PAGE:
Federal officials on Thursday promised arrests and criminal charges are forthcoming against rioters who participated in the violence at the Capitol.
Acting Attorney General Jeffery Rosen said charges are expected Thursday and in the coming days and weeks.
“Yesterday, our Nation watched in disbelief as a mob breached the Capitol Building and required federal and local law enforcement to help restore order. The Department of Justice is committed to ensuring that those responsible for this attack on our Government and the rule of law face the full consequences of their actions under the law," Rosen said.
A mob of pro-Trump supporters stormed the Capitol Wednesday, prompting an hours-long lockdown and disrupting what should have been a largely ceremonial process of counting state-certified Electoral College votes. President Donald Trump has for weeks falsely claimed the election had been stolen from him and urged his supporters to go to the Capitol. Images of the aftermath showed broken windows and vandalized property.
One protester was shot and killed by a Capitol police officer during the melee.
In a separate statement Thursday, FBI Director Chris Wray described those who stormed the Capitol as "violent agitators and extremists" who incited violence under the guise of the First Amendment.
The FBI has created an online form for people to submit tips and video evidence.
– Kristine Phillips
National Guard troops, perimeter fence part off tighter security measures around Capitol
Thousands of National Guard troops will be arriving in Washington by the weekend, part of a stepped-up security effort local federal officials announced Thursday in the wake of an unprecedented riot at the U.S. Capitol Wednesday by pro-Trump supporters.
U.S. Army Secretary Ryan D. McCarthy said 850 troops already have been deployed to the U.S. Capitol grounds and that as many as 6,200 National Guard soldiers from around the region will be available by this weekend to help quell any lingering protests from Wednesday’s attack on the U.S. Capitol building.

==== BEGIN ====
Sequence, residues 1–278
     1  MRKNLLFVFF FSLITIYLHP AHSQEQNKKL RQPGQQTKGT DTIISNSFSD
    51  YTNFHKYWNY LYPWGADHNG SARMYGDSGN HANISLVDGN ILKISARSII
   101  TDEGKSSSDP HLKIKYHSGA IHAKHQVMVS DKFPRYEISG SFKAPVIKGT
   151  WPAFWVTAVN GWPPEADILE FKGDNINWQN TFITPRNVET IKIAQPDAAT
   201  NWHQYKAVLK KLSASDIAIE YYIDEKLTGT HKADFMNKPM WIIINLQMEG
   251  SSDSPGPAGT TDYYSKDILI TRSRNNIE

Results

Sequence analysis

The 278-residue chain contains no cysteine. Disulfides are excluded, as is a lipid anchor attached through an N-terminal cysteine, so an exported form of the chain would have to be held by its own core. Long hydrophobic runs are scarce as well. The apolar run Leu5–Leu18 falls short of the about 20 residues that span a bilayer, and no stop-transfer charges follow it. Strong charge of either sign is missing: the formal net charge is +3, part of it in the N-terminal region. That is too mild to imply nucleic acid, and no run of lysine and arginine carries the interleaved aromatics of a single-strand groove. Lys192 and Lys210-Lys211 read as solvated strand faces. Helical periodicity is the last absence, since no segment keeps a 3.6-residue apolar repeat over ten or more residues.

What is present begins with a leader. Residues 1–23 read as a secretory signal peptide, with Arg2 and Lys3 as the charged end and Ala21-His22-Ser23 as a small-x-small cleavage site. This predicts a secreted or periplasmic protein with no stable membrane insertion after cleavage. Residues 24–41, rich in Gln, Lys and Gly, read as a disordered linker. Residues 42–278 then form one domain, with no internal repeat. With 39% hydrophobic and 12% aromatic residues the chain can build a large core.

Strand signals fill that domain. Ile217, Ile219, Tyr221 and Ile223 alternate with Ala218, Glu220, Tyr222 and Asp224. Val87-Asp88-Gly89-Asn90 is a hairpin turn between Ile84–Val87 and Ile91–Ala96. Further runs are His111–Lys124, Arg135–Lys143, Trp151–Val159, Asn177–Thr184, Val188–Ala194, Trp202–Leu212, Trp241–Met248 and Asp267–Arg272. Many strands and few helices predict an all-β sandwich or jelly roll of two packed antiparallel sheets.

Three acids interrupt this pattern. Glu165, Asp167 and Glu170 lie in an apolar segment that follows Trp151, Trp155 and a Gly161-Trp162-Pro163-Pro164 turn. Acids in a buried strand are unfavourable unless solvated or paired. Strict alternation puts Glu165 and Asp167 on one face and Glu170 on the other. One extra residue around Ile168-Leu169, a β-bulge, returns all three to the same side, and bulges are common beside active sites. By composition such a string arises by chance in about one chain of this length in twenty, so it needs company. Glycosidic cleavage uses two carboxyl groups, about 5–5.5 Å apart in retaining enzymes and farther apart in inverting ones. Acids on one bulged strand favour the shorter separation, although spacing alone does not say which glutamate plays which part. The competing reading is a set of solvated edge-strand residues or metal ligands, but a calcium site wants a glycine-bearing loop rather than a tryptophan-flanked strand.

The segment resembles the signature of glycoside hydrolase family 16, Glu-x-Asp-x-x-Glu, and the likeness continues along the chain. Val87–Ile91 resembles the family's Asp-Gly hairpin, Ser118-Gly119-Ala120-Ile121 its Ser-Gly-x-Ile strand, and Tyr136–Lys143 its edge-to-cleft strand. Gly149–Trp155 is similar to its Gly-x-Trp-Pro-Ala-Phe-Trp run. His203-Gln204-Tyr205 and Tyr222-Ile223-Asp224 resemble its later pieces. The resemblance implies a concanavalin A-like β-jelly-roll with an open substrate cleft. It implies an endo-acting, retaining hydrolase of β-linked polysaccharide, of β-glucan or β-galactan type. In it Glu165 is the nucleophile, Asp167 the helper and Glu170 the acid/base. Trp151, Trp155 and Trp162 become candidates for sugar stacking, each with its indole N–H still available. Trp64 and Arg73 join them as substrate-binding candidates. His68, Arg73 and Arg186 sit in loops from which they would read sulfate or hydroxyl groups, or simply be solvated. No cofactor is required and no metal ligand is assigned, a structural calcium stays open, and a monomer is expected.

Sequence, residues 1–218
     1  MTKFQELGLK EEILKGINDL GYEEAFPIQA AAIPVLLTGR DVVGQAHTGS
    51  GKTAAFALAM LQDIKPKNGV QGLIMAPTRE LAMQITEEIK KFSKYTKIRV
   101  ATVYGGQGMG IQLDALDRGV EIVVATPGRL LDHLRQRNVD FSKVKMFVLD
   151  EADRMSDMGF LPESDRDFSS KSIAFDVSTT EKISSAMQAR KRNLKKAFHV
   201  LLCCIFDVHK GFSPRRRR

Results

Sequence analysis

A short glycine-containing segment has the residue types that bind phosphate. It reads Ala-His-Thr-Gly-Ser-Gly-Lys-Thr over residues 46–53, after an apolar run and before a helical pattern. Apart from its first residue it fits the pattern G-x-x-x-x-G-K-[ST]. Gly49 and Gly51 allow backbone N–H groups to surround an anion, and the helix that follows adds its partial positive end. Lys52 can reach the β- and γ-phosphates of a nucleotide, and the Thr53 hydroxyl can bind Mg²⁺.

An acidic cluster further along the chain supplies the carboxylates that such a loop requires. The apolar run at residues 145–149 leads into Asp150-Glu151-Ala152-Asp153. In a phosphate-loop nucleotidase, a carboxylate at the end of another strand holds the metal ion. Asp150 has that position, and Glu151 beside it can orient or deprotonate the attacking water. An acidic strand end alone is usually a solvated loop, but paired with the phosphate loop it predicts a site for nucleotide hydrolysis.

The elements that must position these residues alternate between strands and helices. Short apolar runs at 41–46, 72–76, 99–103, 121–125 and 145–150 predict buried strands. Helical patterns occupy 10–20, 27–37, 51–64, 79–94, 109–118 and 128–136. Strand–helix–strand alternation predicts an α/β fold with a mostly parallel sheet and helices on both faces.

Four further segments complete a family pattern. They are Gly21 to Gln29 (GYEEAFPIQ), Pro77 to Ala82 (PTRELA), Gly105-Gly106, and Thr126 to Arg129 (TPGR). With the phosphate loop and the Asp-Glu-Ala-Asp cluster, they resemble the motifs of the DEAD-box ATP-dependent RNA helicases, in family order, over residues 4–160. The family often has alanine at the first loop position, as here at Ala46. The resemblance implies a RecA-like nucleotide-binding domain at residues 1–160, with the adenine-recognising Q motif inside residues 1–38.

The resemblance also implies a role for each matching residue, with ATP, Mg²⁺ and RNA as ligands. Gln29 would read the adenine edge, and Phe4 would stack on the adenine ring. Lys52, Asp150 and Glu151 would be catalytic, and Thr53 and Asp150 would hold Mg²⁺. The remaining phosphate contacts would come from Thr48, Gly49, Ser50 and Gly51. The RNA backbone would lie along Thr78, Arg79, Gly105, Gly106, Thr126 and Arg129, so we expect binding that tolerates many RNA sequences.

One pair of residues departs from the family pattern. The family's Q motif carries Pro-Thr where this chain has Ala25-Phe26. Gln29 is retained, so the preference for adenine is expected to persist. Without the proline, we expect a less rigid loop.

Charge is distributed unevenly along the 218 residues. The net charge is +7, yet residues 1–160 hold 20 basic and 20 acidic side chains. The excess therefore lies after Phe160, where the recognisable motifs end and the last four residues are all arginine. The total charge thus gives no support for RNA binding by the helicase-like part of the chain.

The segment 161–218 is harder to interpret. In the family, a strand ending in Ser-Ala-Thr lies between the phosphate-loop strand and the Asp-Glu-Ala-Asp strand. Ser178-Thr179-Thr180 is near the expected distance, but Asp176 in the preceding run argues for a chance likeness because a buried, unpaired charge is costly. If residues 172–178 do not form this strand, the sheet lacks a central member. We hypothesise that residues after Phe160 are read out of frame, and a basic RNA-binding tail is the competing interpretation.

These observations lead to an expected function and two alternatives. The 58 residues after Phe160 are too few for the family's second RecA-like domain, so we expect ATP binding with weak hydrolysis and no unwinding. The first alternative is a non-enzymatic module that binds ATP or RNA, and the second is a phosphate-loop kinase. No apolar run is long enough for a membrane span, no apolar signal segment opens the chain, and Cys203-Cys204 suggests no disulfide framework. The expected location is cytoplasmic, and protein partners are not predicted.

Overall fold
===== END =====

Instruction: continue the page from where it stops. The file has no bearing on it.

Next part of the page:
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In addition, McCarthy said a seven-foot “non-scalable” fence was being erected around the perimeter of the Capitol grounds which will be in place for at least 30 days. That period would include the Jan. 20 inauguration of President-elect Joe Biden who will take the oath of office on the west side of the Capitol.
Officials hope to prevent a repeat of Wednesday’s breach of the Capitol, where hundreds of rioters stormed into the building, destroyed offices and broke windows. They broke into the building after attending a rally near the White House where President Donald Trump exhorted them to go and support lawmakers trying to object to the ceremonial count of the Electoral College votes that gave Biden his election victory.
“The current president must be held accountable for this unprecedented attack on our democracy,” Washington, D.C. Mayor Muriel Bowser said at a news conference Thursday. “What happened yesterday is textbook terrorism.”
Metropolitan DC Police Chief Robert Contee said 68 people were arrested including 41 on the grounds of the Capitol, many of them after the city imposed a 6 p.m. curfew Wednesday. Only one of the those arrested was from D.C.
The police are trying to identify many of the rioters by sharing images with local hotels, airports and FBI offices throughout the country.
– Ledyard King
Sen. Chuck Schumer: Trump should be removed from office
Senate Minority Leader Chuck Schumer joined the growing calls among congressional Democrats to invoke the 25th Amendment and remove President Donald Trump from office following riots at the Capitol Wednesday.
Schumer, who is set to be the Senate majority leader when Georgia Democrats Jon Ossoff and Raphael Warnock take office, said Trump incited the riot and "should not hold office one day longer."
The New York Democrat said Vice President Mike Pence should invoke the 25th Amendment and move with the Cabinet to remove Trump from office. If they failed to do so, Congress needed to reconvene to impeach Trump for a second time, he said.
An administration official who spoke on the condition of anonymity said the prospect of invoking the 25th Amendment has not been brought to the vice president.